Previously, with the limited number of patients studied and the imprecision of the globin-chain synthesis technology we were not able to show a statistically significant difference in hemoglobin levels, although there was an effect of the α-thalassemia mutation on the MCV.22  We now can present a more comprehensive picture of the effect of the α-thalassemia mutation on the blood counts of heterozygotes and homozygotes. Quite clearly, as shown in Table 4, it produces an effect both on hemoglobin values and on the MCV. In the present study we were able to demonstrate that removing from consideration patients homozygous or heterozygous for the 3.7 kb α-globin locus deletion did narrow the difference between African-Americans and whites (Figure 2).

Two studies have suggested that patients with sickle trait have lower hemoglobin levels than controls.25,26  We did not see such an effect when the contribution of the α-thalassemia mutation is taken into account. It is notable in this regard that in our previous study22  we found that the sickle mutation was more common in patients with α-thalassemia genes. We suggested that this might be the case because persons with a high percentage of African ancestry would be more likely to carry both genes than those with a high percentage of the non-African ancestry.22  The same effect was observed in the present study: 17 (9.40%) of 181 subjects carrying the α-thalassemia mutation had the sickle trait, but only 22 (5.5%) of 397 without such mutations carried the sickle mutation (P = .065 one-sided Fisher exact test).

Once iron-deficient patients and patients with other causes of low TS had been excluded, the α-thalassemia gene in the African-American population accounts for about a third of the difference in hemoglobin levels between African-Americans and whites and for about one-half of the subjects classified as anemic in the African-American population. The cause of the remaining hemoglobin differences is obscure. It appears to be neither chronic renal disease nor sickle trait. Our patients were not screened for β-thalassemia but these mutations are rare among African-Americans.28  The adenosine triphosphate levels of the red cells of African-Americans are, on average, lower than those of whites,29  and the 2,3-biphosphoglycerate levels are higher.30  The latter might decrease erythropoietic drive sufficiently to result in somewhat lower hemoglobin levels. It is clear that there are multiple factors that serve to create the difference that is observed.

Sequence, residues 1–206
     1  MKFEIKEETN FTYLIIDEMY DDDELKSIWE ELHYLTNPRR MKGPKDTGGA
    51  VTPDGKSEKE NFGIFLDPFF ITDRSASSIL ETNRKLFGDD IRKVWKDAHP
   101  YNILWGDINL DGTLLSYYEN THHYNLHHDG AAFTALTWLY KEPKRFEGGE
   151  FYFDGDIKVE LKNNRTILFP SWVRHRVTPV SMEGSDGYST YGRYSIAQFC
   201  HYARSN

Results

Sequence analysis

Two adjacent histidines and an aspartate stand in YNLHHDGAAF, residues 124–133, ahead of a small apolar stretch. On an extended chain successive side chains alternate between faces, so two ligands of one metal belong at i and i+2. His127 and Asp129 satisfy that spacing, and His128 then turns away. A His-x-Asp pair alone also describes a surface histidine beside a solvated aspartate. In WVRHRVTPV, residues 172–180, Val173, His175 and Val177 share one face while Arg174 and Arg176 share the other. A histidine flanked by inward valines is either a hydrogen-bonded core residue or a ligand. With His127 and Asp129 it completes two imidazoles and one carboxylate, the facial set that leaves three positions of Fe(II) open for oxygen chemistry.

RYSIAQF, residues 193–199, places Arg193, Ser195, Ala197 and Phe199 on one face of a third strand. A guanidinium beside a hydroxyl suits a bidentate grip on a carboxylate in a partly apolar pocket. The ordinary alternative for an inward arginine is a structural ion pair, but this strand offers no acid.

Medical decisions are, of necessity, based on comparing patient values with reference ranges. When these ranges are derived from one population and then applied to another, unnecessary investigations of seemingly aberrant laboratory results may be the consequence. The potential for harm from the latter type of error was recently highlighted in a study comparing African-American and white women with breast cancer. It appeared that one of the reasons why African-Americans may have a less favorable outlook is that treatment is withheld because of lower leukocyte counts.31  Decisions made by a physician regarding investigation of anemia usually are based on whether the patient's hemoglobin level falls within the accepted reference range. Our data show that even after elimination of patients with iron-deficient erythropoiesis, 16.2% of African-American women were found to have hemoglobin levels of less than 12 g/dL whereas only 3.9% of white women were in this range. A part of this difference is due to the high prevalence of α-thalassemia in the African-American population, but this is not an important practical consideration from the point of view of the physician, since means for routine clinical diagnosis of α-thalassemia are not available. The problem cannot be solved by simply establishing different ranges for different ethnic groups, especially since all represent some degree of admixture. Thus, it is basically information that the physician must possess that becomes one the many factors that we designate as clinical judgment.

Prepublished online as Blood First Edition Paper, March 24, 2005; DOI 10.1182/blood-2005-02-0713.

Supported by the National Institutes of Health grants DK53505-04 and RR00833, and the Stein Endowment Fund.

The publication costs of this article were defrayed in part by page charge payment. Therefore, and solely to indicate this fact, this article is hereby marked “advertisement” in accordance with 18 U.S.C. section 1734.

We thank Dr Vincent Felitti for his helpful comments.